Attribution Tools refer to technology which helps marketers assign value to each of the touchpoints a brand has with a customer in the lead up to an online purchase or conversion. Attribution models vary in complexity from those that simply look at last click (what was the last thing a consumer engaged with) to more sophisticated multi-touch systems. A good attribution tool will consider exposure to advertising (on the AdTech side), as well as engagement with email marketing and website offers (on the MarTech side), then assign the right amount of influence that each has had on the consumer’s purchase decision.
Cloud-based technology are products and services hosted on the internet. Most AdTech and MarTech platforms are cloud-based solutions that users log into and execute via web dashboards. This concept has been extended further to represent an aggregate of technology services that enable businesses to outsource digital processes to a single vendor (such as Adobe’s Marketing Cloud or Advertising Cloud).
Data Management Platform (DMP)
A Data Management Platform is a central system that houses and manages both audience and campaign data. For marketers it can provide a single source of truth that informs both AdTech and MarTech platforms and a unified view of their audience. A good DMP will enable the creation of custom audience segments and facilitate look-a-like modelling, where users with similar attributes are grouped together to increase the scale of a segment. These can be used to target relevant advertising creative to specific audiences and/or customise an offer on the website. It is one of the few components in the stack that truly bridges both marketing and advertising functions.
Match Rate refers to the percentage of unique users who can be matched between two different systems. For example, the number of users in an audience segment housed in a DMP, that can be identified when pushed into a DSP. The industry average for match rate between two different platforms sits at around 30-40 per cent. This is where the value of a combined stack, built on the same technology and powered by a single source of data, becomes apparent as match rates are significantly higher.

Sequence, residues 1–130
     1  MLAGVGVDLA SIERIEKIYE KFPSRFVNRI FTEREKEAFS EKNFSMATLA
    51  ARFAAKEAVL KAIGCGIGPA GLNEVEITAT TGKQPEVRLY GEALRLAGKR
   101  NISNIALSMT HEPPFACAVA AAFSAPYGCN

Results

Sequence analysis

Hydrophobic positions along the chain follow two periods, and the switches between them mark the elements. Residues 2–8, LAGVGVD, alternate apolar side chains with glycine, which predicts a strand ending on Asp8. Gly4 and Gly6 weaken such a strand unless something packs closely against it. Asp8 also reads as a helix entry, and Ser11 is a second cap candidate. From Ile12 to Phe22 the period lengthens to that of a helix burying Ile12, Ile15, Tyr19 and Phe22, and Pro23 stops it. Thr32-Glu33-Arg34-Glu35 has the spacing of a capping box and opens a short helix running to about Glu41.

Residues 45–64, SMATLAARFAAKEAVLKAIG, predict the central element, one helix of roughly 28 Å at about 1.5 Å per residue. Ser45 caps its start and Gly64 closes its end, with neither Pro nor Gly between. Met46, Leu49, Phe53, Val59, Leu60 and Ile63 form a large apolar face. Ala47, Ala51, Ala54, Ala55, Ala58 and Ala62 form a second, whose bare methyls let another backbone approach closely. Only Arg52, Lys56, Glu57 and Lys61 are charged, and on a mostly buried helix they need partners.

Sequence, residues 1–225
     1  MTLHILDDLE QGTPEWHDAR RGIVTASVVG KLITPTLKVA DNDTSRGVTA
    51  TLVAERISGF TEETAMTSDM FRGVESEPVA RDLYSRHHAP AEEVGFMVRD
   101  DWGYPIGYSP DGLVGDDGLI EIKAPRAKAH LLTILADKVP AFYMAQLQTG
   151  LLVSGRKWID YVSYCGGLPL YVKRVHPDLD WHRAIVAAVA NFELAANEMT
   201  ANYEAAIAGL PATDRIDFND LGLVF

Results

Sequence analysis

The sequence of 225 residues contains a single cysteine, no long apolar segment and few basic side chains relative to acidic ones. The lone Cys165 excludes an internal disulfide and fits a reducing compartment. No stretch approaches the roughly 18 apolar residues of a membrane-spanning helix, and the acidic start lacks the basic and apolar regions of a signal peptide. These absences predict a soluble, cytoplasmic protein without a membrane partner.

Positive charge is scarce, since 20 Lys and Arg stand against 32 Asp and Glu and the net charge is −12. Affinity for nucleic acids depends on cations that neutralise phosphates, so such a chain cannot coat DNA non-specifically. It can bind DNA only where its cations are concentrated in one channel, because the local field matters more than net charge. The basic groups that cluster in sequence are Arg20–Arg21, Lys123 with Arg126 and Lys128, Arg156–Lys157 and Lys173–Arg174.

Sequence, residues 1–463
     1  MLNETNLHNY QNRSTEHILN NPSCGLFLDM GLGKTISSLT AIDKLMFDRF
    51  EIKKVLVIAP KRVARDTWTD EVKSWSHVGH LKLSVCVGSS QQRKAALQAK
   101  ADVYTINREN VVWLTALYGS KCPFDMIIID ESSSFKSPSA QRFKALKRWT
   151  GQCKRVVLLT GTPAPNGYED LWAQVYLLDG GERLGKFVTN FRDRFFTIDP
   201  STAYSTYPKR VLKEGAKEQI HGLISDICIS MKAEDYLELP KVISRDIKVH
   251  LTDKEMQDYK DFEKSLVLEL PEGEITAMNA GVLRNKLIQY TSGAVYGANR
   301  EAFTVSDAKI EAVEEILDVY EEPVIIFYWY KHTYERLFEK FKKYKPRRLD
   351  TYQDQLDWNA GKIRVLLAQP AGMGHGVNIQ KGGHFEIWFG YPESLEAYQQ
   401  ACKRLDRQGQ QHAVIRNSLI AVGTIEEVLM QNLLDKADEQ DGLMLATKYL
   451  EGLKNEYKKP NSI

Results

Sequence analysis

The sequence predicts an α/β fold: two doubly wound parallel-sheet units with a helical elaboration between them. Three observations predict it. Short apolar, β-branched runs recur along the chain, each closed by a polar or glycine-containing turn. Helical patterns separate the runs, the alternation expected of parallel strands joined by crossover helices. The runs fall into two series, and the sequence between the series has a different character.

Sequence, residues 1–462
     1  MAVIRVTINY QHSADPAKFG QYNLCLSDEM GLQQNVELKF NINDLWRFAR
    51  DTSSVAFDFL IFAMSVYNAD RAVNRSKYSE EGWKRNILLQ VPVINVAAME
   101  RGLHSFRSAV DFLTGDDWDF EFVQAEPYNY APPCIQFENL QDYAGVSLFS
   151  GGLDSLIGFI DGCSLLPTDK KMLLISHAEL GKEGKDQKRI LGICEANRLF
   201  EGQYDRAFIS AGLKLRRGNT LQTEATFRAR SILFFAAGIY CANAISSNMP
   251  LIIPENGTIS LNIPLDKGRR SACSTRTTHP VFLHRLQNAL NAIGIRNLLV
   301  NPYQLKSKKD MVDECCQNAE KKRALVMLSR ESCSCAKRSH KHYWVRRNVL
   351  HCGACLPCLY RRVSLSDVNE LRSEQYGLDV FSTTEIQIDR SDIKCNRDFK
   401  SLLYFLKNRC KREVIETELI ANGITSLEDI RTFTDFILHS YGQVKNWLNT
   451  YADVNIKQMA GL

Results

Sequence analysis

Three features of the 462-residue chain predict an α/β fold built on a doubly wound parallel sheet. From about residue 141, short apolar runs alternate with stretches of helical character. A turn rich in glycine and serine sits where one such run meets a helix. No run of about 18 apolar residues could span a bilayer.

Multi-channel / Omni-channel
Multi-channel or omni-channel are used interchangeably in both advertising and marketing. They refer to any campaign or strategy spanning more that one medium, device or element of the marketing mix. This kind of approach is aimed at maximising reach into audiences and creating a fluid customer experience across all touchpoints, while still taking advantage of the unique benefits of the individual channels. For example, adding interactive elements to a video ad served on a mobile device, compared to linear streaming of a TVC on television. The key is to understand the opportunity and nuances of each channel and measure them effectively (usually using an attribution tool of some form) to determine the impact they have on their own and in tandem.
Optimisation in the sense of AdTech and MarTech, refers to the refining of strategies to drive better results or business outcomes. It can include both manual changes – made by someone using the technology platforms – and automated updates through the use of algorithms (see earlier in this section).
Return On Investment (ROI)
Return on Investment can be calculated and applied differently by different businesses. At a high level, it refers to how much of the intended outcome was generated, in relation to the amount of money spent on the activity to achieve it. It is a business metric that ultimately measures how advertising and marketing strategies contribute to an organisation’s bottom line. The increasing pressure on marketers to do more with less and greater accountability driven by advanced attribution tools, has enabled a shift away from softer digital metrics to quantifiable evidence of how strategies are contributing to real business outcomes.
Source: Adobe guide – Bridging the AdTech and MarTech Divide